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, 43 (6), 465-71

Risk of High-Grade Dysplasia or Carcinoma in Gastric Biopsy-Proven Low-Grade Dysplasia: An Analysis Using the Vienna Classification

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Risk of High-Grade Dysplasia or Carcinoma in Gastric Biopsy-Proven Low-Grade Dysplasia: An Analysis Using the Vienna Classification

S-J Cho et al. Endoscopy.

Abstract

Background and aims: Therapeutic guidelines have not yet been established for low-grade gastric adenomas/dysplasias (LGD), which have a low risk of progression to high-grade adenomas/dysplasias (HGD) or to invasive carcinomas. This study aimed to evaluate risk factors for HGD/carcinoma that indicate a need for resection in biopsy-proven LGD lesions.

Patients and methods: In total, 236 LGD lesions from 208 consecutive patients treated with endoscopic resection (ER) were retrospectively studied between 2004 and 2008. The Vienna classification was used for histological diagnosis. A generalized estimating equation (GEE) logistic regression model was used for multivariate analysis.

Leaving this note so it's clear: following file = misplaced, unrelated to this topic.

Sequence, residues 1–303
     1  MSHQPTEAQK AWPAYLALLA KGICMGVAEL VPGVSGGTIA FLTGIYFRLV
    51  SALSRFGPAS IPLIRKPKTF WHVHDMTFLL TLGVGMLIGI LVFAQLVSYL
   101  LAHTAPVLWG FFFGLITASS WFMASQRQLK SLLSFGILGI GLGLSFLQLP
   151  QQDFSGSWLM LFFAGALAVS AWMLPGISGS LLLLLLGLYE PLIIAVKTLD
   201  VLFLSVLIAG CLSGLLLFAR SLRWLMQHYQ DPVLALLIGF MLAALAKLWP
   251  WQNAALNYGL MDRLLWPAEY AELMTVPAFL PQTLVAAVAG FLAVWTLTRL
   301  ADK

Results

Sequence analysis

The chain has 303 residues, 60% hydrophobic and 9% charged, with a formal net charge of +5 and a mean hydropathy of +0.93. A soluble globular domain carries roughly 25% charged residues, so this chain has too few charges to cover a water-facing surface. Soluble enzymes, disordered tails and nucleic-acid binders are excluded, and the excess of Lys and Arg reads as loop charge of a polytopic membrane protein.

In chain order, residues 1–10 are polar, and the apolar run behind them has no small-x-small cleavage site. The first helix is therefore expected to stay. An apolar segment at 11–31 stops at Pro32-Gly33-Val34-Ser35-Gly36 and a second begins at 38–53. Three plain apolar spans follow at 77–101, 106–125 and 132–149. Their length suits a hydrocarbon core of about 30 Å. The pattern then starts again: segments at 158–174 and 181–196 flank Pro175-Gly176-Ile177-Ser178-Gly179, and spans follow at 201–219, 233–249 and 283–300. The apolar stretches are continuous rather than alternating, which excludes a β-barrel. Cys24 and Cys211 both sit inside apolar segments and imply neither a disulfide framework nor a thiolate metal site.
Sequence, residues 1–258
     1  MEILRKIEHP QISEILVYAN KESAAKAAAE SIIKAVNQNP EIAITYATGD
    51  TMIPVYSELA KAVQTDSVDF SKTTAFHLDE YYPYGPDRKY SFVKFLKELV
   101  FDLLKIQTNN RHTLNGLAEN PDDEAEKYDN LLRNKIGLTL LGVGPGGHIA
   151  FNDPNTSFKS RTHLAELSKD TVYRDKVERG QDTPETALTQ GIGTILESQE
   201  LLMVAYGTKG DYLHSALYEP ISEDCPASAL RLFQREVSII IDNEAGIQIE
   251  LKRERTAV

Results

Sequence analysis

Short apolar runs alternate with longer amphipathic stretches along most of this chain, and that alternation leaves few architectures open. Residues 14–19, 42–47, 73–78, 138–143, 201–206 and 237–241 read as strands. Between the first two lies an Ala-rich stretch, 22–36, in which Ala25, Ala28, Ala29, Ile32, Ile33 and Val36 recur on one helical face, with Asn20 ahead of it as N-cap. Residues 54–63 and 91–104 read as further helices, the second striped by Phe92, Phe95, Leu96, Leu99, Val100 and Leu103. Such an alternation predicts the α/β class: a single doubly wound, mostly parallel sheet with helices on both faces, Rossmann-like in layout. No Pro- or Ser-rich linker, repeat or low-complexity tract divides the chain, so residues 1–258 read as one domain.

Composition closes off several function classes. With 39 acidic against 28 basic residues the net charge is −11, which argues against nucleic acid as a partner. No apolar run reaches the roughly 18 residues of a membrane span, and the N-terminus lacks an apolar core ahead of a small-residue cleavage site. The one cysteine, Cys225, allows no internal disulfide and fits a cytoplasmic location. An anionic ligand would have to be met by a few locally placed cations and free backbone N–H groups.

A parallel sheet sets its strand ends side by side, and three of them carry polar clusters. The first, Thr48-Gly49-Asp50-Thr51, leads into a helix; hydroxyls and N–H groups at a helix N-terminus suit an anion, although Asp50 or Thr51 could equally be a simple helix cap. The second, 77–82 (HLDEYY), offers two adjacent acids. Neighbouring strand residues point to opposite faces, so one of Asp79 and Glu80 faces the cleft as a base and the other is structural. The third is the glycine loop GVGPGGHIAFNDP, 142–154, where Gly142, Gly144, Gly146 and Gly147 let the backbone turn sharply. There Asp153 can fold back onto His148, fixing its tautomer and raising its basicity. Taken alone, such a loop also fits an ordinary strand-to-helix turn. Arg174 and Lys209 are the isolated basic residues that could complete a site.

Results: Among the 236 LGD lesions, the final pathology diagnosed 9 (3.8 %) as invasive carcinoma (category 5), 71 (30.1 %) as HGD (category 4), 148 (62.7 %) as LGD (category 3), and 8 (3.4 %) as negative/indefinite for dysplasia (category 1/2). Lesions ≥ 1 cm were classified as HGD/carcinoma in 39.4 % of patients (65/165). Multivariate analysis indicated that size of ≥ 1 cm (OR 1.93 [95 % CI, 1.06 - 3.52]), depressed morphology (OR 3.81 [95 % CI, 1.22 - 11.9]), and erythema (OR 2.49 [95 % CI, 1.31 - 4.72]) were significantly associated with HGD/carcinoma. The OR increased to 47.6 (95 % CI, 4.27 - 530.65) when the risk factors were all positive. The sensitivity and negative predictive value for ≥ 1 risk factors were 93.8 % and 90.9 %, respectively. As the number of risk factors of a lesion increased, the specificity and positive predictive value also increased.

Conclusions: Endoscopic resection can be recommended if a low-grade dysplastic lesion has at least one of the following risk factors: depressed morphology, surface erythema, or a size of 1 cm or greater. For lesions that have none of the three risk factors, follow-up endoscopy is recommended.

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